# Polar Coordinates 🌀

## Cartesian Coordinate System

A coordinate system allows us to use numbers to determine the position of points in a 2D or 3D space. The most popular coordinate system is probably the Cartesian coordinate system. It allows you to locate each point by a pair of numerical coordinates `(x, y)`

. There is a very good chance that you have used this system. It is everywhere — SVG, Canvas, WebGL and even Sketch & Illustrator.

## Polar Coordinate System

Polar coordinate system is a 2D coordinate system in which each point is determined by `r`

& `θ`

. Where `r`

is the distance from the origin and `θ`

is the angle from the x-axis.

### Converting Between Polar and Cartesian Coordinates

Trigonometry! Love it or hate, it is everywhere. You can convert a point from polar coordinates `(r, θ)`

to Cartesian coordinates `(x, y)`

using the equations below. These come in really handy since most tools only accept `x`

& `y`

as point locations.

```
const x = r * Math.cos(theta);
const y = r * Math.sin(theta);
```

## Patterns

Below I have a few animations by Dave Whyte aka bees & bombs. They all have one thing in common, they use polar coordinates to generate a pattern.

Cartesian coordinates are a great choice for placing things evenly on a rectangular grid. However, if you want to distribute things evenly around a circle then polar coordinates are generally the better option. Keeping the radius constant we compute the angle for each point as `angle = 360° * index / number of sides`

.

Below is the JavaScript implementation of this idea. The `points`

function also accepts an optional `offset`

argument to shift the points along the perimeter of the circle. For example, the outermost circle of points in **Figure 4** can be generated using `points(12, 200)`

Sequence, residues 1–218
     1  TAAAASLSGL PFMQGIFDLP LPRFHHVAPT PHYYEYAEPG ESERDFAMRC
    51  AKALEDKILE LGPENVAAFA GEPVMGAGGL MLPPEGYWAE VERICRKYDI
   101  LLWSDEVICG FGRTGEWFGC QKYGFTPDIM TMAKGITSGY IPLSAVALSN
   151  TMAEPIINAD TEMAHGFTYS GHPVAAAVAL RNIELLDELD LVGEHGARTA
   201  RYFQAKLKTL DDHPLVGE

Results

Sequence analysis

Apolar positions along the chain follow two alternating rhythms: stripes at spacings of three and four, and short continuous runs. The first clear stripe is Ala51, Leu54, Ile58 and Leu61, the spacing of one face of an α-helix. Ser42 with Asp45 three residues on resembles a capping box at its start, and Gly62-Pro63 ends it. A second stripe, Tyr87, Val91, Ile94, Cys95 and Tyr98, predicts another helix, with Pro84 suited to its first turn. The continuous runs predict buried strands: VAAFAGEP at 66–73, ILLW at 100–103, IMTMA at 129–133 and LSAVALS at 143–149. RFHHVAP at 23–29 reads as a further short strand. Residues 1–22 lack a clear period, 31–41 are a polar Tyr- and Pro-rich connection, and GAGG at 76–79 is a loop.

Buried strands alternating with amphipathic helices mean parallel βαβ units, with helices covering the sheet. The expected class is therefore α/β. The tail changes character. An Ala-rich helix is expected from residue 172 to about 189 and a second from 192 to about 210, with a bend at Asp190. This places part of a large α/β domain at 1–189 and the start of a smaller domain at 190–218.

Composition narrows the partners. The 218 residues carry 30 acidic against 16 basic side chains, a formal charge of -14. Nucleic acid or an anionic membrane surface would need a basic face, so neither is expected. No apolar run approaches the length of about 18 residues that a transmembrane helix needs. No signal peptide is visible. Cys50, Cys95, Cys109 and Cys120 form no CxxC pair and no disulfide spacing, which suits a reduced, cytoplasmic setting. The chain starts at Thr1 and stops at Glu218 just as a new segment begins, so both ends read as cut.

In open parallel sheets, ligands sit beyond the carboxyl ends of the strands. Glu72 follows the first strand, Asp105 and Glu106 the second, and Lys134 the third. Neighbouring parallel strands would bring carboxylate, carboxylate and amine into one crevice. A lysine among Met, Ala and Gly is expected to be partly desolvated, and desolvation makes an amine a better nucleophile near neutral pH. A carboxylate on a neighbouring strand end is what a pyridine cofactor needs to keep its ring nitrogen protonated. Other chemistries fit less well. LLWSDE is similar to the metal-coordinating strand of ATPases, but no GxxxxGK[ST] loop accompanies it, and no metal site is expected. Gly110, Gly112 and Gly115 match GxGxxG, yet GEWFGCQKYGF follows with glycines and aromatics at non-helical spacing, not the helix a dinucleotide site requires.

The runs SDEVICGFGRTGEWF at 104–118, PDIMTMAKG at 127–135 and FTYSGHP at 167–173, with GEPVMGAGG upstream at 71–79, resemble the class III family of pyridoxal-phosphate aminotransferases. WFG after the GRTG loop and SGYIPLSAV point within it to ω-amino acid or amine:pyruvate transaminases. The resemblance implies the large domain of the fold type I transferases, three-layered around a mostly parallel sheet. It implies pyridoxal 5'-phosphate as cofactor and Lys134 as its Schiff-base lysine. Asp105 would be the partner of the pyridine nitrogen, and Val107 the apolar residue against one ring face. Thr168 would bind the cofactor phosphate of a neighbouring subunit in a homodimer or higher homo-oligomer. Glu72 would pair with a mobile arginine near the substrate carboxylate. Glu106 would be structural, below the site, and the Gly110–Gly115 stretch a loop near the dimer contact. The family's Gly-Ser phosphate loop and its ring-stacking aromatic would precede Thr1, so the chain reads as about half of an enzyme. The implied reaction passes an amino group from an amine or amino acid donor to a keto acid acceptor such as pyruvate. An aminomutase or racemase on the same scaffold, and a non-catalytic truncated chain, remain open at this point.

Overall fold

. The next one inwards using `points(12, 175, 15)`

. The one after that using `points(12, 150, 30)`

and so on. My splash CodePen is was built using this.

```
function points(count, radius, offset = 0) {
const angle = 360 / count;
const vertexIndices = range(count);
return vertexIndices.map(index => {
return {
theta: offset + degreesToRadians(offset + angle * index),
r: radius,
};
});
}
// number => [0, 1, 2, ... number]
function range(count) {
return Array.from(Array(count).keys());
}
function degreesToRadians(angleInDegrees) {
return (Math.PI * angleInDegrees) / 180;
}
```

## Polygon Generator

A regular polygon is a polygon that is equiangular i.e., all its angles are equal and all its sides have the same length. This means that all the vertices of a regular polygon are points evenly spaced on a circle. And isn’t it handy that we just created a function that generates exactly this!

To generate an SVG polygon we will generate the list of of points using the `points`

function and then simply connect the dots. With SVG we have two options for this: `<polygon>`

or `<path>`

. The example below generates the *points* attribute for a `<polygon>`

element.

```
/**